Pyridindolol is a product of a streptomyces and exhibits inhibitory activity against bovine liver β-galactosidase. The structure of pyridindolol, 1-[1(R), 2-dihydroxyethyl]- 3-hydroxymethyl-9H-pyrido[3, 4-b] indole, has been established by spectroscopic analyses and an X-ray structure determination. Pyridindolol (I) inhibits bovine liver β-galactosidase in acidic conditions and its production, isolation and properties were reported in a previous paper1). This paper is concerned with the structure determination of the new inhibitor.
A mutant with enhanced potential to utilize sulfate for cephalosporin C production was isolated from a strain of Cephalosporium acremonium. The mutant displayed potency levels more than twofold that of the parent in the presence of sulfate but its productivity was severely inhibited by more than 0.5 % of methionine which gave high cephalosporin C production with the parent. In a complex medium norleucine stimulated cephalosporin C production by the mutant in the presence of sulfate, whereas it showed no effect on the parent. In an incubation system with sulfur-starved cells of the mutant, L-methionine, but not the D-isomer, gave lower cephalosporin C production and a delayed production of penicillin N. However, it exhibited a stimulatory effect in the presence of valine or α-aminoadipic acid, the constituent amino acids of the antibiotic. Norleucine showed a similar effect to that of L-methionine in the presence of sulfate. On the basis of these results, characteristics of the mutant are discussed in connection with the effect of methionine.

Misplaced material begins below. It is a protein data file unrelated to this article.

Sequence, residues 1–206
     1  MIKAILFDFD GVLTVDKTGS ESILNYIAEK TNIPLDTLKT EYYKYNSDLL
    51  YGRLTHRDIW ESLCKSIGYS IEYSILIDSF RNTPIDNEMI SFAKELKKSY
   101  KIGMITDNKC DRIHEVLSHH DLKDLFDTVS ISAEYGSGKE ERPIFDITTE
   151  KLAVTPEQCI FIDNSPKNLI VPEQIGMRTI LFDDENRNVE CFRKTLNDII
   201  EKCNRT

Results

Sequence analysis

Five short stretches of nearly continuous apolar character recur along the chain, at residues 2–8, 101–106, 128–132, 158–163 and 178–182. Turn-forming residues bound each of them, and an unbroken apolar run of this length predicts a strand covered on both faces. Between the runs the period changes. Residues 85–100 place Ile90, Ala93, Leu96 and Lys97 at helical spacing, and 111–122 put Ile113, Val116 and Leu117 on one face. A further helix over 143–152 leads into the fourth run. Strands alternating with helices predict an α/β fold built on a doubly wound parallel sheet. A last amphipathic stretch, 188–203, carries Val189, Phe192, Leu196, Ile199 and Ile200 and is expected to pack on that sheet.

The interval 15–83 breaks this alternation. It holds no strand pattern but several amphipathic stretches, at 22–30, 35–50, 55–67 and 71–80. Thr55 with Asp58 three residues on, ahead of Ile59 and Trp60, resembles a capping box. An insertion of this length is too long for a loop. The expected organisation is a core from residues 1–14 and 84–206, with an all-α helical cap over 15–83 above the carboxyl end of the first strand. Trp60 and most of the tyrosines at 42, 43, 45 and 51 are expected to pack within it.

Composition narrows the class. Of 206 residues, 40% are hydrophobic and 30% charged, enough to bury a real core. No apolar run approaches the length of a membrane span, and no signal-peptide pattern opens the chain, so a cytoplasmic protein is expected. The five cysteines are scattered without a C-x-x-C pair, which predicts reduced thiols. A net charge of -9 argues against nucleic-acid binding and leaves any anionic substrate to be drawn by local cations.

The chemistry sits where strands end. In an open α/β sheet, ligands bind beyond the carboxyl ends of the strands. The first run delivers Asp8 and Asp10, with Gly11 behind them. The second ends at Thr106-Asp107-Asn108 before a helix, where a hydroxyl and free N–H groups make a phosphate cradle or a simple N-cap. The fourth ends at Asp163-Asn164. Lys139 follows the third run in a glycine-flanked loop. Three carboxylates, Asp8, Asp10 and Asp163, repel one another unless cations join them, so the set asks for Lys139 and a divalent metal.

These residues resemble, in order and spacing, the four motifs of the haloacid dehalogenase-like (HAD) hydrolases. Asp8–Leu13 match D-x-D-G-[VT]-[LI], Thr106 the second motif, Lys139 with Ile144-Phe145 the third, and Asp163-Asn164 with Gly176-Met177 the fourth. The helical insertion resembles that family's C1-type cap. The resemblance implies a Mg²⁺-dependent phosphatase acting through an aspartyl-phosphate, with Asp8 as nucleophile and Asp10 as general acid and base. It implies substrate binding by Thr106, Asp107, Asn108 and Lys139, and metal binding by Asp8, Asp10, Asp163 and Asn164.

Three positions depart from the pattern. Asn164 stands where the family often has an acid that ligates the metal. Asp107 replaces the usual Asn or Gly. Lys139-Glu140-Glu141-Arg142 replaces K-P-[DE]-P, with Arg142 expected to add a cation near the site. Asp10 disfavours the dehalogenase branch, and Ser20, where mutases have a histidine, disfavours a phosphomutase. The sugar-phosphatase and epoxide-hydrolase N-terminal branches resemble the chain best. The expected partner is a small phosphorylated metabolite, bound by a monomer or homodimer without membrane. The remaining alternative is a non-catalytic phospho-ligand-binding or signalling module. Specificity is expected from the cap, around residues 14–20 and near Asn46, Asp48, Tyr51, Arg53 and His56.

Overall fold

The previously reported12) inability of methionine to stimulate cephalosporin C production in a cysteine auxotroph is due to cysteine interference with methionine uptake. In such a case, "illicit transport" of alanylmethionine can be used to demonstrate the efficacy of methionine in such mutants blocked in the path from methionine to cysteine. This result supports the hypothesis that the stimulatory activity of methionine is not due to its ability to donate sulfur to the cephalosporin C molecule.
The chemically modified polyene macrolide antibiotic, amphotericin B methyl ester (AME), exhibited a concentration-dependent growth stimulatory effect on established lines of mouse (L-M) and monkey (Vero) cells. Stimulation was indicated by increases in growth rate, and in the enhanced synthesis of DNA and RNA. In contrast, the parental antibiotic amphotericin B and the desoxycholate complex of amphotericin B, Fungizone R, did not elicit a similar proliferative response in L-M or Vero cells. AME was not growth-promoting toward low passage strains of mouse(PMK 6) and monkey cells (GMK 8).